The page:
Car assembler cries foul over direct bus imports

MUTARE - Mutare based motor vehicles assembler, Quest Motors, has said they are being condemned to doing bus repairs as corrupt schools officials continue to engage briefcase middlemen to procure school buses directly from outside in return for kickbacks.

Holding the franchise to build Yutong and Zhong Tong buses, the complete-knock-down vehicle assemblers said the same models they have capacity to assemble are still being imported from Asia at much higher premiums, only for the same schools to request their services in registering them.

Quest general manager Tom Sarimana alleged rampant corruption, particularly among school development committee members, in awarding tenders for the purchase of buses.

He said some are so audacious in their demands that they request kickbacks in form of vehicles in order to approve bus purchases.

“Some would demand ... cars in exchange for receiving business but sadly, this is not in line with our professional business practice,” Sarimana said.

He said this leaves them picking crumbs through facilitating their registration as public vehicles at the Vehicle Inspectorate Department as well as maintaining the buses and repairing them when they either break down or are involved in accidents.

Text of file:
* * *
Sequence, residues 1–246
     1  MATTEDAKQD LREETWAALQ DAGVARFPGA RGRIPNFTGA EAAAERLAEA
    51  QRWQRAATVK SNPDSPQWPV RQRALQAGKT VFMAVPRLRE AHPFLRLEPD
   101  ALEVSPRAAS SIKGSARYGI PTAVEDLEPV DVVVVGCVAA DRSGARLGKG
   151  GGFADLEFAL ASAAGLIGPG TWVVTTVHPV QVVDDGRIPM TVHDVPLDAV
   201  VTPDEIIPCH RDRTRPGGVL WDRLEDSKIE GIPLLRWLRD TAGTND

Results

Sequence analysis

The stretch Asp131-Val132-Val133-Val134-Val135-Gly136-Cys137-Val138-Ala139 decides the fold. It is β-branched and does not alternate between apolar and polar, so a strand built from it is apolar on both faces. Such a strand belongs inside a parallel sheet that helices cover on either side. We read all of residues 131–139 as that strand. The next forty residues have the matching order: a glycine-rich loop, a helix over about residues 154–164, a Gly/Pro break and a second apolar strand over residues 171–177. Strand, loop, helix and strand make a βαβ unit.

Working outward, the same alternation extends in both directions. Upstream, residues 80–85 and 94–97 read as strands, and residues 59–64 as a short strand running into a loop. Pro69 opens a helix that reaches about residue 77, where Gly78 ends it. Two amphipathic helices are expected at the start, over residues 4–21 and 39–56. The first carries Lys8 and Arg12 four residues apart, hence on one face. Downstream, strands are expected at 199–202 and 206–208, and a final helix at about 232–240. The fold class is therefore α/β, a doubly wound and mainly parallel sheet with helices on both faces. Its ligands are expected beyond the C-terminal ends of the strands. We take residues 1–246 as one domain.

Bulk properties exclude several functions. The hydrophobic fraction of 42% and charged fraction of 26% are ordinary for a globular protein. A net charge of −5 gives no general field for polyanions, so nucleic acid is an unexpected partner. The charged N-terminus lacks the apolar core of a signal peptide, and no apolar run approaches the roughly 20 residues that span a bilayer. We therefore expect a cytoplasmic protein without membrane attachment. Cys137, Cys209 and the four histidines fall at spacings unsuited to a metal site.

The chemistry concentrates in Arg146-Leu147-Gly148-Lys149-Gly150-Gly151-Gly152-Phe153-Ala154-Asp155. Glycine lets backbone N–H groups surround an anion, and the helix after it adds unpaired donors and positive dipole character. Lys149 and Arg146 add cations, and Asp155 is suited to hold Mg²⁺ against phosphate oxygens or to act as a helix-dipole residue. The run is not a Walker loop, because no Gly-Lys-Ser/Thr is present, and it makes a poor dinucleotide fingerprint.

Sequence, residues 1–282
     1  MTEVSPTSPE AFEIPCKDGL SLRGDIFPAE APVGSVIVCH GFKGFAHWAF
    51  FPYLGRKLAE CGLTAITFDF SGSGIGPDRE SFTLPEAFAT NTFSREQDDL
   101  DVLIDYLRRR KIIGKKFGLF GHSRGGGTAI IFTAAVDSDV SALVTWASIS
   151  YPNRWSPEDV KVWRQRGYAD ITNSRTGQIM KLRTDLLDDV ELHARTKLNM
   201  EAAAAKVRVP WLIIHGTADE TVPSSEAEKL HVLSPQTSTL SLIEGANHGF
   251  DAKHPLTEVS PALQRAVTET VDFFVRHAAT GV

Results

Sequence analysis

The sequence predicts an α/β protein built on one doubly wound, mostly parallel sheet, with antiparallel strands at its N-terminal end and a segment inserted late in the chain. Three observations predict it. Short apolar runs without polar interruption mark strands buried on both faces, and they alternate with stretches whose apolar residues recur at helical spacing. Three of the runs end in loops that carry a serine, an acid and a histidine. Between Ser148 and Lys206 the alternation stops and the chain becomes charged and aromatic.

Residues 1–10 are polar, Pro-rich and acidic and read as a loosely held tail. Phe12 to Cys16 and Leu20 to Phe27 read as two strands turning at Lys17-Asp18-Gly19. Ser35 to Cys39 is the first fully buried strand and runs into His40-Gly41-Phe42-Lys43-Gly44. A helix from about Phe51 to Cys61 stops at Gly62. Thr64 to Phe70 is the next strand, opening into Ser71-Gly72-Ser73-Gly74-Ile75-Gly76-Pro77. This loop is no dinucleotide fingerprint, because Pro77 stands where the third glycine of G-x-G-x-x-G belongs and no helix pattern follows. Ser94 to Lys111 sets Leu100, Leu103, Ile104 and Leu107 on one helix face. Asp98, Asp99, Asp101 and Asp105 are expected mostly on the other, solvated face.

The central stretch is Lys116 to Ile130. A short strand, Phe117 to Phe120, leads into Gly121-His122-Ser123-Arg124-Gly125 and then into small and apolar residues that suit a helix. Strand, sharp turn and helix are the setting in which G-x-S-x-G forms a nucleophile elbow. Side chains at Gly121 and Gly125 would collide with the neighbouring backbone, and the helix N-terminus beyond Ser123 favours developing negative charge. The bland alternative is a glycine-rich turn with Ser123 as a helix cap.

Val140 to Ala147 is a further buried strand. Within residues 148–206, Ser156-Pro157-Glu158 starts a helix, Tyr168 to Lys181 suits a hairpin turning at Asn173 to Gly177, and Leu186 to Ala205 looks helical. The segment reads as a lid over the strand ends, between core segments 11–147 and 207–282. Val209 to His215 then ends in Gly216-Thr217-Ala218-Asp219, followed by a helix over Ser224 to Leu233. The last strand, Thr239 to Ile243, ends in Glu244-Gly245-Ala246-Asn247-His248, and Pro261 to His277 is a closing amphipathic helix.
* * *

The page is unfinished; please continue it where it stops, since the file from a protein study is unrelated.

Sarimana said bending rules was not in their rule-book even though the vehicle assembler is struggling to remain open as government, which is the biggest buyer of vehicles on the local market, continues to shun it, preferring imports despite the company having full capacity to produce.

Major government institutions such as ministries, the police, army and a string of State-owned enterprises, can easily turn around the situation if they buy their vehicles locally.

It also risks losing its 55-year human capital investment as its staff continue to age and die without proper skills transfer.

The Mutare manufacturing plant has been running since 1960 initially as Australian Motor Corporation.

It has to date assembled over 100 000 vehicles of 170 different models, including passenger vehicles, trucks and tractors. The plant can build 10 different models per day, while it can produce 35 vehicles at full capacity with a full staff complement of 

4 500.

It currently employs only about 120 workers of which around 20 are students.

Quest currently holds the franchise for Japanese manufacturers Mitsubishi, Toyota, Suzuki, Chinese makes such as Foton, JMC and Chery as well as for German carmaker, BMW.

    Post a comment

    Readers are kindly requested to refrain from using abusive, vulgar, racist, tribalistic, sexist, discriminatory and hurtful language when posting their comments on the Daily News website.
    Those who transgress this civilised etiquette will be barred from contributing to our online discussions.
    - Editor

    Your email address will not be shared.